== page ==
Adelaide Hills rebuild progresses following Cudlee Creek fire

Adelaide Hills rebuild progresses following Cudlee Creek fire

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As COVID-19 restrictions have started to lift, there has been a resurgence in recovery efforts following the Cudlee Creek bushfire, which tore through more than 23,000 hectares of land in the Adelaide Hills in late December.

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As COVID-19 restrictions have started to lift, there has been a resurgence in recovery efforts following the Cudlee Creek bushfire, which tore through more than 23,000 hectares of land in the Adelaide Hills in late December.

The fire destroyed 98 homes, with a further 56 damaged, and more than 3800 head of livestock were lost. So far, 277 properties have been cleared, with more than 4300 tonnes of waste removed.

A total of 982 payments, totaling more than $3.25 million, have been paid out from the SA Bushfire Appeal to fire-affected people throughout the Adelaide Hills.

Cudlee Creek fire recovery coordinator Alex Zimmerman said while COVID-19 restrictions had hampered many volunteer efforts and removed the impetus of recovery, plans to move forward were once again under way, with an increased number of building and development applications starting to be received by the council.

Mr Zimmerman said many people had initially been wary to ask for help, but the compounding negative effects of the fire and COVID-19 had led to more people reaching out for assistance.

He said primary producers - including vineyard owners, orchardists and livestock producers - were more optimistic due to the wetter weather.

Recovery is a simple notion, but an exceptionally complex task. - ALEX ZIMMERMAN

"There has been a lot of impact on the primary production side of things, but there is greening of landscapes, and people are starting to feel more positive about re-establishing and rebuilding their businesses," he said.

In the initial stages following the fire, Mr Zimmerman said the focus had been on ensuring people were safe, had accommodation and could access insurance and grants, with the Australian Defence Force also assisting in January and February to clear debris, and cart water and fodder for stock.

With refencing and rebuilding efforts under way, Mr Zimmerman said the focus had also shifted to include bushfire education.

"There are many gaps in knowledge within communities, so we are really focusing on working with the CFS to give people the knowledge they need to make life-saving decisions," he said.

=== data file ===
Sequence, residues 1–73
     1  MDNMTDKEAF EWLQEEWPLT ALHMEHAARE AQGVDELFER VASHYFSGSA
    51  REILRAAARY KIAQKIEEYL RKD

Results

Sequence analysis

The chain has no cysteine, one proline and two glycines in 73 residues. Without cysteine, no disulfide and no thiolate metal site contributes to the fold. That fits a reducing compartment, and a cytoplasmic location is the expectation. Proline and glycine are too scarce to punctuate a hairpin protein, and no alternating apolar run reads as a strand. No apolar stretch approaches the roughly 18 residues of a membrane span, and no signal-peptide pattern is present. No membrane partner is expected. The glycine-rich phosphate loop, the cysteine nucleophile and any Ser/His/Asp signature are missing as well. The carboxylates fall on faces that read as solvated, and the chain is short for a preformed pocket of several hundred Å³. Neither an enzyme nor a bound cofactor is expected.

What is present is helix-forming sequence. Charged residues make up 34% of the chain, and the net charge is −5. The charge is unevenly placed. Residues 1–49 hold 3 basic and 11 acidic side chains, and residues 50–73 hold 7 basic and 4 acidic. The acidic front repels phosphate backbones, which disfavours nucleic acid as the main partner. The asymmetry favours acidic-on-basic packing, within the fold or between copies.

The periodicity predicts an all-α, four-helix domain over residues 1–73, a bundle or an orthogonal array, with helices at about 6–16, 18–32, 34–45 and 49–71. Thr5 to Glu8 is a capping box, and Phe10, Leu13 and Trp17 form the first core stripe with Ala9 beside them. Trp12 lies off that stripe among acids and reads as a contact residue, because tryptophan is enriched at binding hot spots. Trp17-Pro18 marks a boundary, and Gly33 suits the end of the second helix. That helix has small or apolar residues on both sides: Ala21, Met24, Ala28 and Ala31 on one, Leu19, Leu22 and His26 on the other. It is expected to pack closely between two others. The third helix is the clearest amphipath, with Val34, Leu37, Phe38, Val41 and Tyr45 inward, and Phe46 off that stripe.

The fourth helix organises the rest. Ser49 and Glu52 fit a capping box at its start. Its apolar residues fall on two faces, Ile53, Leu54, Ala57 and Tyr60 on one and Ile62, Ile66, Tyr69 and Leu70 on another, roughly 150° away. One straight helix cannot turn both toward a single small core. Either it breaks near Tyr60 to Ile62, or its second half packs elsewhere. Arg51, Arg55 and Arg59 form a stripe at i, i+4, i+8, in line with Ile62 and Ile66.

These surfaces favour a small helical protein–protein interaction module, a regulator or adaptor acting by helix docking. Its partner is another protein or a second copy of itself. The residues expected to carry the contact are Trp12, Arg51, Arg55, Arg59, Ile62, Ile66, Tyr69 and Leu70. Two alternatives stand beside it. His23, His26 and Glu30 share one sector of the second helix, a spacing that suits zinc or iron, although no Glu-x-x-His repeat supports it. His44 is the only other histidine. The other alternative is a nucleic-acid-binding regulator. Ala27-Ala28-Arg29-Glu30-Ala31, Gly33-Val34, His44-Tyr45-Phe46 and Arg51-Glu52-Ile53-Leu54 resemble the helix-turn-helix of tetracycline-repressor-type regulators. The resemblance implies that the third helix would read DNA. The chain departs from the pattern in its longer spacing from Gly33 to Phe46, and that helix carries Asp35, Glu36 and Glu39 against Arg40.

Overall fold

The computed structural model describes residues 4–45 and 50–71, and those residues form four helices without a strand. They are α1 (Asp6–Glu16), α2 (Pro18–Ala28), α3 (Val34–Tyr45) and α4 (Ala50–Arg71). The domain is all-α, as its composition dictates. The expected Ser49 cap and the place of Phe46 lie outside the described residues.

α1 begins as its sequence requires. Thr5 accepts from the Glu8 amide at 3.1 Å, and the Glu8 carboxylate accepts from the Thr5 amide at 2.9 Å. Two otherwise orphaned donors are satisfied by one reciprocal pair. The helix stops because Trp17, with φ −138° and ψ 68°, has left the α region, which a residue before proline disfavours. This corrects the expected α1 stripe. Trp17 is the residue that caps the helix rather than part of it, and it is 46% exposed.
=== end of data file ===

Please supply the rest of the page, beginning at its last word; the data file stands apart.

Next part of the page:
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Mr Zimmerman said community engagement to reestablish connections would be a prominent part of the ensuing recovery effort.

Grant support is still available from the SA Bushfire Appeal, as well as organisations such as PIRSA, the Salvation Army, St Vincent de Paul and Red Cross, with concessional and working capital loans also available at low interest rates.

Due to the plethora of available support, Mr Zimmerman encouraged people to contact the Cudlee Creek fire recovery centre in the first instance when seeking help.

"There are people here who can help, they are amazing people with a wonderful connectedness with the community," he said.

"Recovery is a simple notion, but an exceptionally complex task," he said.

"Even with COVID-19, we're still here, and we're here for the long haul."

VALUABLE FENCING LESSON LEARNED

FIRE-AFFECTED Adelaide Hills dairyfarmer Colin Juers said recovery had been "quicker than expected" at his Charleston property.

"There have been no major equipment shortages or hold ups, and I got some really great help from family and friends when clearing debris," he said.

About three quarters of Mr Juers 76-hectare property Clover View was burnt by the fire, with the blaze taking out most of the dryland area.

Fortunately, the house, sheds, vehicles, baled hay and 50-head Holstein herd were saved.

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Five kilometres in fencing was lost - about a third of the total fencing on the property - but after securing a primary producers grant from PIRSA for fencing material, 90 per cent of the fencing has been replaced, with creosote posts being used.

"Our creosote posts seemed to stand up to the fire much better then the CCA ones," Mr Juers said.

"If another fire comes through, we're hoping it won't affect the fencing quite as much."

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